Let’s talk tech, shall we? It is, after all, one of the most important tools in getting fashion content across, so if there are new and innovative ways to do so, we should see what’s out there on the market.
Last week, The Apartment, along with Lenovo and Motorola invited a few of us for a sit down breakfast to learn about their new products – the Lenovo Yoga Book tablet and Moto Z phone with a Hasselblad True Zoom Moto Mod. The Yoga Book is all about creativity, so, it was only natural that our day would involve being creative and using the tablet’s various features to not only make content but transfer it onto a three-dimensional canvas.
Once food was out of the way, and with each person having their own set of devices in front of them, the Lenovo team got down to showing us how their Yoga Book functions.
The Yoga Book, as we came to find out, is a 2-in-1 tablet that not only has a functioning keyboard but can switch modes and have the keyboard side of it turn into an active pad which uses a digital stylus or an ink pen with paper to create sketches that will simultaneously transfer on to the screen. As demonstrated below, one of the modes which you can use it is in Tablet Mode. Thanks to it’s 360 degree hinge, you can flatten it into the form of a tablet.
The genius is in the Yoga Book’s flat surface doubling as a keyboard to type on, using your fingers, or a surface that responds only to the pen, similar to how a wacom board functions.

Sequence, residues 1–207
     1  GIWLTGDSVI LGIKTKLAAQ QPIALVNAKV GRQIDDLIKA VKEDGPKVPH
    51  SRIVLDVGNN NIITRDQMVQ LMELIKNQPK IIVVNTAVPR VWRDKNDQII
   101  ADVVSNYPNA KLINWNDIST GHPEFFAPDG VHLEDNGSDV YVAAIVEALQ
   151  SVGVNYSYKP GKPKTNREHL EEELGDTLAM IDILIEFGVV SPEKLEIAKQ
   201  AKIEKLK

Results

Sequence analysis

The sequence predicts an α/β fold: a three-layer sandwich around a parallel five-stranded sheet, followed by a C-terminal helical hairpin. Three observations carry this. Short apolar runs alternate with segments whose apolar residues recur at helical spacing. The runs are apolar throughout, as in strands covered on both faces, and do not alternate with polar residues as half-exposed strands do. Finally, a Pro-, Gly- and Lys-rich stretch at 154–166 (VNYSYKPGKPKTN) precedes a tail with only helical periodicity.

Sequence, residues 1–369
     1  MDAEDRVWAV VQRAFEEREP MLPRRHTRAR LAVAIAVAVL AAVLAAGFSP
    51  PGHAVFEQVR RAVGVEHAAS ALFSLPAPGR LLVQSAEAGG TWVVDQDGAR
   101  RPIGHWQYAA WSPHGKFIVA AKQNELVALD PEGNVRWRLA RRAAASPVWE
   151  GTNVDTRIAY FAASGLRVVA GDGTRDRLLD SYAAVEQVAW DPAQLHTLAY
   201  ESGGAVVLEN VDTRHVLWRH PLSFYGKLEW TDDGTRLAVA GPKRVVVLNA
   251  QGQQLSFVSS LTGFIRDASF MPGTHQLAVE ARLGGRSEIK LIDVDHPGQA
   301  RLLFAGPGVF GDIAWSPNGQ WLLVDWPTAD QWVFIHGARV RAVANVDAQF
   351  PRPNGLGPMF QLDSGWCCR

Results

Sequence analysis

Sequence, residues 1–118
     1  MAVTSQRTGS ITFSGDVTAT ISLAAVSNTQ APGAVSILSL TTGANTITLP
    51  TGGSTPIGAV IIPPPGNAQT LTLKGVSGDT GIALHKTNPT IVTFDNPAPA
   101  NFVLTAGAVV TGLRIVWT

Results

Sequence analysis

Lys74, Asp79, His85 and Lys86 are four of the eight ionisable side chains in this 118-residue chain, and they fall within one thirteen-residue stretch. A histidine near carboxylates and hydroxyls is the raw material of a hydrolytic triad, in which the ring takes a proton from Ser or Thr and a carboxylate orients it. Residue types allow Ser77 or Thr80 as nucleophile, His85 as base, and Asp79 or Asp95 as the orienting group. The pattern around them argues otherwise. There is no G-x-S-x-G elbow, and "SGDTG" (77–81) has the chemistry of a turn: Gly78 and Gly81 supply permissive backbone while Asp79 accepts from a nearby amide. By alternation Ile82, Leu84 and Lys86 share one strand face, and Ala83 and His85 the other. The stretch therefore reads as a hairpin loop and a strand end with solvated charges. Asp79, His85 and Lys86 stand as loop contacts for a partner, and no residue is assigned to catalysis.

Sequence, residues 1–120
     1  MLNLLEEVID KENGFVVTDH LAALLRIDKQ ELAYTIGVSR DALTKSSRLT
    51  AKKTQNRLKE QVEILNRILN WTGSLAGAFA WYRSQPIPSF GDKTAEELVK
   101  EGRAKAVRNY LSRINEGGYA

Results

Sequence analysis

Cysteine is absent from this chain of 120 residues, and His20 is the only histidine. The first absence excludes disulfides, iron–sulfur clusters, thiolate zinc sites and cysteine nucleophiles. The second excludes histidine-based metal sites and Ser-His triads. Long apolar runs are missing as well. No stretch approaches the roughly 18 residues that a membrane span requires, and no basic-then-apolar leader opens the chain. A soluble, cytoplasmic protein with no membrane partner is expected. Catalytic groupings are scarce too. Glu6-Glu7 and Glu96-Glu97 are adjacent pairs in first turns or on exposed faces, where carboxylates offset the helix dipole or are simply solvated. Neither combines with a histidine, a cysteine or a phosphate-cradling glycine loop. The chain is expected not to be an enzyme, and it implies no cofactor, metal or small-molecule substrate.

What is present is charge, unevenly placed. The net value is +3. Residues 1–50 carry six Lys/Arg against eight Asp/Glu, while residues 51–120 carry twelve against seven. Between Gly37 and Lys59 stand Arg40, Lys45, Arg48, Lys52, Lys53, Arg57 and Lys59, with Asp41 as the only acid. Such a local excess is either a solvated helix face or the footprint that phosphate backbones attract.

Here I am in Type Mode, about to look up editing programs, surf the internet and download content, as I would on any regular laptop.
Everyone’s favourite mode to set the tablet to was Create Mode. This was where one got to really be creative because the tablet responded to both the stylus pen and our fingers on its touch screen. There was no restriction to drawing on the pad only, which enabled us to add a multitude of effects to our creations both on the pad and the screen of the tablet.
Not to forget another important gadget in creating our artwork, we played around with the Moto Z smartphone designed for snap on Moto Mods, in our case the Hasselblad True Zoom camera attachment. The images and videos we captured on the devices were also automatically uploaded to the Lenovo Yoga Book, making it quick and convenient to have our photos saved onto the tablet.
After familiarising ourselves with the Yoga Book and Moto Z phone, we then headed off to the Royal Academy of Art to get some inspiration for our illustrations. We saw the Abstract Expressionism exhibition but unfortuntely we were not allowed to take photos inside. Not to worry, since the mind is the greatest notepad ever invented, we took visual notes with our eyes for later use.
Taking inspiration from the exhibition, we made our way to The Hub where we found canvases waiting for us. This was the part where we would put pen to paper – or rather to tablet – and start drawing our own masterpieces, which we would then copy onto the canvases.
This is the point where traditional and modern come together !
Having been inspired by a Rothko painting, I did my own variation of abstract art, using my fingers and a selection of paint tools in the editing program to create my masterpiece. The cool thing about the Yoga Book is you can put it in Watch Mode to view the content you created while transferring it onto another medium – in our case, the canvases.
With the Yoga Book propped to my side, I transferred my prototype onto the canvas, making it into actual artwork.
And voila !
For anybody who loves creating their own original content or incorporating hand drawn or hand-written content onto their photos or documents, I recommend you check out the Yoga Book, Moto Z and Moto Mods on Lenovo.com and Motorola.co.uk
photos: Kris Atomic